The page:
The number and know-how of devices connected to Wi-Fi networks have both exploded since late 2004, but almost 15 years later, the Wi-Fi Protected Access II (WPA2) security protocols are still responsible for protecting them. Almost fifteen years down the line, the Wi-Fi Alliance has now started a list of devices certified for next-generation WPA3 security. Like its predecessor, WPA3 will operate in Personal mode for consumer applications and Enterprise mode for businesses.
The Wi-Fi Alliance says WPA3-Personal uses a technology called Simultaneous Authentication Equals (SAE) to secure the key establishment protocol between devices and increase the network's resistance to offline password-guessing attempts by potential intruders, even when the password isn't as complex as it should be. WPA3-Personal also includes forward secrecy, a scheme to prevent the decryption of intercepted and recorded data if the password is compromised after those packets have been intercepted. Protected Management Frames (PMF) protect wireless networks from forged management frames that can disrupt communications between clients and the access point.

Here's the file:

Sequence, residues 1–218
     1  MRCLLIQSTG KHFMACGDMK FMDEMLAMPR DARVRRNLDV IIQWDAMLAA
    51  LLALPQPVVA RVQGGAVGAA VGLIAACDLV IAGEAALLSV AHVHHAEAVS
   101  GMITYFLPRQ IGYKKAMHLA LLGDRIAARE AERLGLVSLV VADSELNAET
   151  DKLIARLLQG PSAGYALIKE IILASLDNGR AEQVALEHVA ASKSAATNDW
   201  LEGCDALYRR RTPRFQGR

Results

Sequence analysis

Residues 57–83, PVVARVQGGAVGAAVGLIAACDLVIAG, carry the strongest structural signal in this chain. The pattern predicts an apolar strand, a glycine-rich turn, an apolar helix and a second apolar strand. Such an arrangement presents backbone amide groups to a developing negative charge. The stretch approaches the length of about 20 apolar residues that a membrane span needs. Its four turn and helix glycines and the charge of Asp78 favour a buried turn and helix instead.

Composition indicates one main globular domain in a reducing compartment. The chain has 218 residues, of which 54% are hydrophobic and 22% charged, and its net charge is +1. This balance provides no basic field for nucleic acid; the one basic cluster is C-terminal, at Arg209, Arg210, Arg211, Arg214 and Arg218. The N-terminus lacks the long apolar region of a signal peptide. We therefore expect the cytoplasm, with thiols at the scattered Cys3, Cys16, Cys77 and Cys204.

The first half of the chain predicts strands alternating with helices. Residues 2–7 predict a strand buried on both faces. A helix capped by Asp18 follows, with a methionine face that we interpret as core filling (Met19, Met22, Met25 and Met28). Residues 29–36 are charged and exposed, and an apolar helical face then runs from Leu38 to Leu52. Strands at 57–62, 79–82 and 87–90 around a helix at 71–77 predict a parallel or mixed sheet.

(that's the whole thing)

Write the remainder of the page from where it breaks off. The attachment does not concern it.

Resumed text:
WPA3-Enterprise has 192-bit minimum-strength encryption for transmission of sensitive data on business and government networks. The mode employs GCMP-256, HMAC-SHA384, ECDH, ECDSA, and BIP-GMAC-256 technologies to help protect data. The Wi-Fi Alliance's security page has a decoder ring for that bowl full of alphanumeric soup.
Folks that have headless devices like a Wi-Fi speaker or smart switch know that getting these widgets connected to the local Wi-Fi network can be the trickiest part of the whole operation. The Wi-Fi Alliance is also introducing a technology called Wi-Fi Easy Connect that the group says will make this sometimes-tricky process easier and more consistent. The process involves scanning a QR code on the device to be added using a smartphone in order to add it to an existing Wi-Fi network.
The group also recently introduced Wi-Fi Certified Enhanced Open, a certification program for devices to provide some level of security for users on open Wi-Fi networks like those found in coffee shops and retail stores. The underlying technology is called Opportunistic Wireless Encryption (OWE). OWE establishes unique cryptography mechanisms for each client along with PMF to increase the overall reliability of the connection.
The group says that WPA3 Wi-Fi devices will maintain interoperability with existing WPA2 hardware. Given the 15-year-long accumulation of WPA2 devices, we suspect the transition to WPA3 will take a while. The Wi-Fi Alliance says it has the support of companies like Arris, Broadcom, Cisco, HP, Huawei, Intel, Marvel, Qualcomm, and Silicon Motion in this new effort. The group has certified over 40,000 Wi-Fi devices since 2000, and there will doubtless be many more to come.